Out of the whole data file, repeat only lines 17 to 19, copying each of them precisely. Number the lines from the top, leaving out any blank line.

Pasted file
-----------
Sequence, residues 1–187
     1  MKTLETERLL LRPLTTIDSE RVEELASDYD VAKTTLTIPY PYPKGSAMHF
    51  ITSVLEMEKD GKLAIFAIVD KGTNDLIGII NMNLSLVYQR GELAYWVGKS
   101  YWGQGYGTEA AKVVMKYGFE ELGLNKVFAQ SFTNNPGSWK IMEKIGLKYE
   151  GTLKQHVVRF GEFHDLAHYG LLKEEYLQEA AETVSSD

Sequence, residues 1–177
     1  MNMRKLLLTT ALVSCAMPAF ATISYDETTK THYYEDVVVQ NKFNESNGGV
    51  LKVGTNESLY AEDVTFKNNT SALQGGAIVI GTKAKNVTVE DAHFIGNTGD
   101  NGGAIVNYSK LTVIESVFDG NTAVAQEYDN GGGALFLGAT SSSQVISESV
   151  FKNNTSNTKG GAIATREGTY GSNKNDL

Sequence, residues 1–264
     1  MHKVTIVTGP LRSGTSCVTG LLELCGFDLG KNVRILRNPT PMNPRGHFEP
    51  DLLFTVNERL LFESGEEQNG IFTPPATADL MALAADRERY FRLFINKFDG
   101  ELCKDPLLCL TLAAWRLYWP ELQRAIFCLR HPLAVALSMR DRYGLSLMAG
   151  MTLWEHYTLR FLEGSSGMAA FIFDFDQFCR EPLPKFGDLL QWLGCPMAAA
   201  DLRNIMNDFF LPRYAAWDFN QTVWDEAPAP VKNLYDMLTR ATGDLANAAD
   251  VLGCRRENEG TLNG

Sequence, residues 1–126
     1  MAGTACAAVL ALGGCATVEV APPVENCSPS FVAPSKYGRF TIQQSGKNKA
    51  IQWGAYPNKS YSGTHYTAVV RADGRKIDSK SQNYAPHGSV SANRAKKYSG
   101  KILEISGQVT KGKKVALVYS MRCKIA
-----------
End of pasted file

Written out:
   251  VLGCRRENEG TLNG

Sequence, residues 1–126
     1  MAGTACAAVL ALGGCATVEV APPVENCSPS FVAPSKYGRF TIQQSGKNKA